Especially interesting: This guy may have been treating his infections. For instance, his plaque held genetic material from poplar trees. Poplars are a natural source of salicylic acid. That’s the active ingredient in the modern pain-killer known as aspirin. The scientists also turned up DNA from the same mold that makes the antibiotic penicillin.

The researchers were even able to extract an almost-complete genetic blueprint, or genome, for one of the dental microbes. Warning: It’s name is a mouthful: Methanobrevibacter oralis. It has the honor of being the oldest microbe genome ever decoded, the researchers note.

Power Words

(for more about Power Words, click here)

abscess    A pocket of pus caused by some infection.

antibiotic     A germ-killing substance, usually prescribed as a medicine (or sometimes as a feed additive to promote the growth of livestock). It does not work against viruses.

aspirin     A common non-prescription drug, also known as acetylsalicylic acid. For more than a century, it has been widely used to treat headaches, joint pain, muscle pain, toothaches and more. It also reduces fevers and inflammation. Ancient papyrus texts indicate that as long as 5,000 years ago, the Sumerians and Egyptians were using willow bark (the source of aspirin’s active ingredient) to treat aches and pains.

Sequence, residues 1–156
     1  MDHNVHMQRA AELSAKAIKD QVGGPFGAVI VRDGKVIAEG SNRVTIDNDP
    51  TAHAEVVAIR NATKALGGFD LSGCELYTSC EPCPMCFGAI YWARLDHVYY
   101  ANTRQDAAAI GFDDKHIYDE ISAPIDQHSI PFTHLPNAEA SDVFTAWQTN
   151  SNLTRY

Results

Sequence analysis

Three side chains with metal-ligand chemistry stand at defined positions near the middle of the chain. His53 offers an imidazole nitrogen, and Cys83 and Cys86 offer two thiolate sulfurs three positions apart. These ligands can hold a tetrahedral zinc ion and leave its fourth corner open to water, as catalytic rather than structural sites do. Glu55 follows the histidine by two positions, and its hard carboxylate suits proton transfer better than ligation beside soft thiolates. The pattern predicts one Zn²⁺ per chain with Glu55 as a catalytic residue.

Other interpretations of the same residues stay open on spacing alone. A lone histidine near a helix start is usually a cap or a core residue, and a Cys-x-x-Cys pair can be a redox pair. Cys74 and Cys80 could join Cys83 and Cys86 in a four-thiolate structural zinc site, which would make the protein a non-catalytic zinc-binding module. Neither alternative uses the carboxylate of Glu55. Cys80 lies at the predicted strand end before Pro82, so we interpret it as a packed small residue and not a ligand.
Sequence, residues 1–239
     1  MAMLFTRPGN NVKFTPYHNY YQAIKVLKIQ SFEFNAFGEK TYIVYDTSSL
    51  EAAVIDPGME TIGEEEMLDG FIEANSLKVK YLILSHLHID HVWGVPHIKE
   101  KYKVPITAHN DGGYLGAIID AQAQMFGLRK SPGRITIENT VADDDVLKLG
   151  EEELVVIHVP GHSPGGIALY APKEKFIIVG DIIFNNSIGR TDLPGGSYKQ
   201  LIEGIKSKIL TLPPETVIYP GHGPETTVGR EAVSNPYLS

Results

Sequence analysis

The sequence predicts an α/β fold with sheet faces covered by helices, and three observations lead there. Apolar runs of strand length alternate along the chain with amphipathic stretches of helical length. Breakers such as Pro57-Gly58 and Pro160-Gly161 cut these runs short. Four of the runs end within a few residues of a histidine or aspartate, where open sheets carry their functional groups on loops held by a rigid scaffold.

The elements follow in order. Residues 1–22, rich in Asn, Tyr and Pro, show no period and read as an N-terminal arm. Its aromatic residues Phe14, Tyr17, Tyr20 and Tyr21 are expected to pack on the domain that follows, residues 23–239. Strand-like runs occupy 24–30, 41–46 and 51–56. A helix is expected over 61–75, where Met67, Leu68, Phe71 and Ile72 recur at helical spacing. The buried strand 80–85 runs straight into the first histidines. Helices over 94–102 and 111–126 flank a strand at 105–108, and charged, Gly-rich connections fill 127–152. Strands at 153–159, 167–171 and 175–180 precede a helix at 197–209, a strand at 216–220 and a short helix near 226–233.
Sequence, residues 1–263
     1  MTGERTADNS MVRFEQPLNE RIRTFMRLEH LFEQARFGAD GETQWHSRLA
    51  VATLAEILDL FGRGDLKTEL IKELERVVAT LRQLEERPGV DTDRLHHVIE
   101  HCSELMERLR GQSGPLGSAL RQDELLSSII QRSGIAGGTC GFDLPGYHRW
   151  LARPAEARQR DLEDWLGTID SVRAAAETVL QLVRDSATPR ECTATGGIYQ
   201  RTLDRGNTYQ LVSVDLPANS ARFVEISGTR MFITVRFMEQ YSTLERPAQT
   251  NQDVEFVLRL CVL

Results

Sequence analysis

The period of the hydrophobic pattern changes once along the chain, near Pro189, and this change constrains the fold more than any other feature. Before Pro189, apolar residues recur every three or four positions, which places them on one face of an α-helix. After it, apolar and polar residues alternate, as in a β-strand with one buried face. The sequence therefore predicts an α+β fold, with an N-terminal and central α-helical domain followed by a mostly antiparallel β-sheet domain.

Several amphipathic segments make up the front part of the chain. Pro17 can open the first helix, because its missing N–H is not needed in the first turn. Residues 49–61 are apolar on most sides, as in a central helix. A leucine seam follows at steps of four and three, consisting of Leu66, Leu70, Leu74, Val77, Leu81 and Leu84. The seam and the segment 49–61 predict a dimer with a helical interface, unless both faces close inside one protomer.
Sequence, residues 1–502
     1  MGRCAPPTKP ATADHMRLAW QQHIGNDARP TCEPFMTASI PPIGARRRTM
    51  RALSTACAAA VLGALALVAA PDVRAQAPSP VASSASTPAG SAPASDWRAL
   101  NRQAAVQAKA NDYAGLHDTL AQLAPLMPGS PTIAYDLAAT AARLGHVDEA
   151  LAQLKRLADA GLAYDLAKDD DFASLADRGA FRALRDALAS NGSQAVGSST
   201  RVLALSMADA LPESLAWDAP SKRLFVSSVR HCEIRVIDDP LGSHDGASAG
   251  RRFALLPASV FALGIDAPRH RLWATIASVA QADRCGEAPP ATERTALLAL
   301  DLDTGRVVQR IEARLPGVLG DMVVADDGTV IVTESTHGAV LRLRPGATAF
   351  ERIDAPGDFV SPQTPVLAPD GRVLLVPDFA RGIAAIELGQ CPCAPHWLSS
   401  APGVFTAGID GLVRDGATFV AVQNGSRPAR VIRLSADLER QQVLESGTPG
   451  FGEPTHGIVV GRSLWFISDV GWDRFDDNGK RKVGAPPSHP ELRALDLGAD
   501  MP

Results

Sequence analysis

bacterial     Having to do with bacteria, single-celled organisms. 

cavity     (in dentistry) a tiny hole in a tooth that develops over time. Cavities are more likely to happen when a person eats a lot of sugar or does not brush and floss regularly. Dentists refer to these as caries.       

colleague     Someone who works with another; a co-worker or team member.

diarrhea      (adj. diarrheal) Loose, watery stool (feces) that can be a symptom of many types of microbial infections affecting the gut.

diet     The foods and liquids ingested by an animal to provide the nutrition it needs to grow and maintain health.

DNA     (short for deoxyribonucleic acid) A long, double-stranded and spiral-shaped molecule inside most living cells that carries genetic instructions. It is built on a backbone of phosphorus, oxygen, and carbon atoms. In all living things, from plants and animals to microbes, these instructions tell cells which molecules to make.

erode     Gradual removal of soil or stone, caused by the flow of water or the movement of winds. Some chemicals, such as acids, may do the same thing to various minerals.